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Findings by Kathleen Jamie
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Findings (2005)

by Kathleen Jamie

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I have been looking forward to reading this book since I read its equally brilliant sequel/companion piece Sightlines last year. Jamie brings a quiet poetic eye to her observations of both the natural world and modern humanity, making many intriguing connections.

She succeeds in making a beautiful and unified whole from essays on a very varied set of subjects, ranging from the nature of darkness, birdwatching, remote uninhabited Scottish islands, the view from Edinburgh's Calton Hill and a museum of surgical specimens, to name just a few, while making perceptive observations on the connections with her own life. ( )
  bodachliath | Apr 3, 2019 |
Sightlines still my favourite but loved a lot of these pieces - been re-reading a lot of them or just dipping in, which is why it's taken so long to finish. ( )
  Ma_Washigeri | May 27, 2018 |
This was accessible and quick to read, although the ideas described will not be so fast to assimilate. It is fascinating what clues there are to navigation that we overlook. The amount of information available can be staggering, but it takes practice to master the techniques required. It has opened my eyes to the possibilities, even though I'm unlikely to be venturing off into the wilderness without the relevant equipment just yet.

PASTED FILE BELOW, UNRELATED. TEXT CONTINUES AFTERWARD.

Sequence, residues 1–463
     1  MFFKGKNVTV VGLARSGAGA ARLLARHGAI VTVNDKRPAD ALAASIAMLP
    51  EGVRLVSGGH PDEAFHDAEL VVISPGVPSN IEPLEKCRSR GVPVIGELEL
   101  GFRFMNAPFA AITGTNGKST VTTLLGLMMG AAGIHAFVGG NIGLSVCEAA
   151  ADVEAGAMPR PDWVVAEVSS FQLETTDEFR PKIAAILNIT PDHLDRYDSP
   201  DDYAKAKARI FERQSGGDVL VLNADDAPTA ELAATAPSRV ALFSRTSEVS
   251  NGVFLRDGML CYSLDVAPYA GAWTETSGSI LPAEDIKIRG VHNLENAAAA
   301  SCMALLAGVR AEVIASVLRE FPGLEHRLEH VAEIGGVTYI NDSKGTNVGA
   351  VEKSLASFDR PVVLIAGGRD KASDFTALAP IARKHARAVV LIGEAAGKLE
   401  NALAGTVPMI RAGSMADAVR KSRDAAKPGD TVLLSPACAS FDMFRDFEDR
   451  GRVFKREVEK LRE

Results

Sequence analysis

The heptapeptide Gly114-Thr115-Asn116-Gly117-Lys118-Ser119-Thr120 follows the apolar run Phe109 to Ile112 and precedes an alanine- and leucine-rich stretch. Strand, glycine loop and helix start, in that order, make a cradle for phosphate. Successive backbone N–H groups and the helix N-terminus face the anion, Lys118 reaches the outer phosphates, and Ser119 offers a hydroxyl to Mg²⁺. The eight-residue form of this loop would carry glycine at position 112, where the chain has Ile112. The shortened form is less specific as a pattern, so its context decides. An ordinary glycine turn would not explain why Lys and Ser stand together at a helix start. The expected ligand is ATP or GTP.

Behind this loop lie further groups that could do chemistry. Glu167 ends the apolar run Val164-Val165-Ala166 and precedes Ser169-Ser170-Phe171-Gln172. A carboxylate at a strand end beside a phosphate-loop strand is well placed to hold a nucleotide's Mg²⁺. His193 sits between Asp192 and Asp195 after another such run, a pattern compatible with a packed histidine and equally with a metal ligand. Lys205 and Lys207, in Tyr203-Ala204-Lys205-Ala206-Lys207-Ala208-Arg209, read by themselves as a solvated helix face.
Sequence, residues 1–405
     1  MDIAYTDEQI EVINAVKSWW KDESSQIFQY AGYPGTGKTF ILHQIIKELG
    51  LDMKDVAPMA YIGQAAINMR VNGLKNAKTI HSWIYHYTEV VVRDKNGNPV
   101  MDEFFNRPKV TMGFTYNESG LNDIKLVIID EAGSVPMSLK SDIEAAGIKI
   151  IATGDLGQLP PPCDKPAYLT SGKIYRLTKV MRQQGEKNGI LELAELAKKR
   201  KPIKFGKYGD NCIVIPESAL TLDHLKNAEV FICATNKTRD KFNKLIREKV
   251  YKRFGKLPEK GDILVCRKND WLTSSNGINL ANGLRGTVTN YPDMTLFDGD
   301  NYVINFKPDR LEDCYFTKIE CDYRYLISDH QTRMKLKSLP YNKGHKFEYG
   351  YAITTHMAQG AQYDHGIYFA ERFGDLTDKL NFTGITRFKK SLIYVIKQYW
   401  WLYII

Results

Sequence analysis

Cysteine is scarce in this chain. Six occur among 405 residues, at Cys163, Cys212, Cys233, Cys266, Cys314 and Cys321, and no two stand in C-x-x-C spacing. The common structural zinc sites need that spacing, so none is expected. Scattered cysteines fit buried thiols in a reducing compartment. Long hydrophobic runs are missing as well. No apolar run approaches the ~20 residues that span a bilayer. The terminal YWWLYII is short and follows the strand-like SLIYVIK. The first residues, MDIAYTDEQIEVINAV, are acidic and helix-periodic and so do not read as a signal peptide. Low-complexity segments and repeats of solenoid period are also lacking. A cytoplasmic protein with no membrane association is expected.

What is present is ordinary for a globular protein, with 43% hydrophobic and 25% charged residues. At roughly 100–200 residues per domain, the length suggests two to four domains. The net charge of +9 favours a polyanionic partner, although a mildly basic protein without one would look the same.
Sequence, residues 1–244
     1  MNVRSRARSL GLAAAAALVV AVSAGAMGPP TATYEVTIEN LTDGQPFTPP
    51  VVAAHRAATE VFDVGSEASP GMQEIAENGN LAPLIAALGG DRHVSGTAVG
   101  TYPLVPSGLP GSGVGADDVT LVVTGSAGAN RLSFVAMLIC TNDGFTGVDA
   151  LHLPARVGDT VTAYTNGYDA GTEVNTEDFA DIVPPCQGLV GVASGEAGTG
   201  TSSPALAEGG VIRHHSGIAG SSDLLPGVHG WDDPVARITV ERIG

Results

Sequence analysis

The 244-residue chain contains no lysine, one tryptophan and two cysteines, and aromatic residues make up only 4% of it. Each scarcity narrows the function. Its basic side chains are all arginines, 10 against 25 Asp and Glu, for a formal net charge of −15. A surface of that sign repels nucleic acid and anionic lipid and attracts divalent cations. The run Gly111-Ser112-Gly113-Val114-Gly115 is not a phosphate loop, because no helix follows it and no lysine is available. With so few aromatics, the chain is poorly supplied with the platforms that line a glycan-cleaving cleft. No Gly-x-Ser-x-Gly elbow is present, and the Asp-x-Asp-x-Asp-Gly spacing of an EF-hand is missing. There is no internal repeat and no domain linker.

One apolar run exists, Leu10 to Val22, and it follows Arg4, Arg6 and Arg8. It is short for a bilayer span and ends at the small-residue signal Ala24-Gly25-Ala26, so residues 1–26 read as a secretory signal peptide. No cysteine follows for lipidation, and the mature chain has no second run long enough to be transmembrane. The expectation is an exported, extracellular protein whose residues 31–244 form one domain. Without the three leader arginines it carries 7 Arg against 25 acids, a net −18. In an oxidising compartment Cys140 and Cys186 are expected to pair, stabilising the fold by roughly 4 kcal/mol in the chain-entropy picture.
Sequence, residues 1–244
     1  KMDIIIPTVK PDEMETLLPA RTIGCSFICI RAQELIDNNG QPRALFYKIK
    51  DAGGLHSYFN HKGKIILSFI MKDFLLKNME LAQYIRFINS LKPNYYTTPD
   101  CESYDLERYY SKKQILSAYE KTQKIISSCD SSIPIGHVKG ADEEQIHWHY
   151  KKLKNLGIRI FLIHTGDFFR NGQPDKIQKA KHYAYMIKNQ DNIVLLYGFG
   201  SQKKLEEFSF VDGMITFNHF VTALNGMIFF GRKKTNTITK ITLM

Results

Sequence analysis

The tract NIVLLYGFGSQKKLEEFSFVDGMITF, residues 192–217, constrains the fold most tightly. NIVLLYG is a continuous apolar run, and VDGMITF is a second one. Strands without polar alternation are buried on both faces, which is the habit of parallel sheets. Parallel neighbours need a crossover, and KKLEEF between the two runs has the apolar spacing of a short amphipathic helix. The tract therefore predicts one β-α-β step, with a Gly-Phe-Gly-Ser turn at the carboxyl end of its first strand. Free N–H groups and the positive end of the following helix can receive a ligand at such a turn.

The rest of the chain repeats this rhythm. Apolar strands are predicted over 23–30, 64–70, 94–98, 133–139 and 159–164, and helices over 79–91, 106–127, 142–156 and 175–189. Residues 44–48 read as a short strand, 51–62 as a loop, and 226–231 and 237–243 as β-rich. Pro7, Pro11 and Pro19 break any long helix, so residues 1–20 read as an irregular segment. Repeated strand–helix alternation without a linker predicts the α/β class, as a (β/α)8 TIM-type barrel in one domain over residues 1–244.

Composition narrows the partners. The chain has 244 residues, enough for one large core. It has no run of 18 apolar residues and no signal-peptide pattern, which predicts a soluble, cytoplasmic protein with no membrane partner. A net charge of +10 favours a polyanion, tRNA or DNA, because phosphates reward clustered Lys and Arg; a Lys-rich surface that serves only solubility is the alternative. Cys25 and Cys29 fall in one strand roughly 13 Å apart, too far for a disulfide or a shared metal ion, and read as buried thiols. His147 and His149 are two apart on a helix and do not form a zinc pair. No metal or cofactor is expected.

Tselja | Oct 21, 2014 |
An interesting read. Jamie's prose is unhurried and soothing; her desire to understand the world around her inspirational. However, despite the mellow tone of this book, some of the subject matter is uncomfortable - particularly the essay about Surgeon's Hall. ( )
  cazfrancis | Jan 28, 2014 |
Absolutely marvellous. A series of essays, mostly centred on the observation of wildlife and the environment, uplifting language and deeply sympathetic. Kathleen Jamie is a poet but these are poetic prose, and not without humour. ( )
1 vote lexieconyngham | Aug 19, 2013 |
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Whether Kathleen Jamie is following the call of a peregrine in the hills above her home in Fife, sailing into a dark winter solstice on the Orkney islands, or pacing around the carcass of a whale on a rain-swept Hebridean beach she creates a subtle and modern narrative.… (more)

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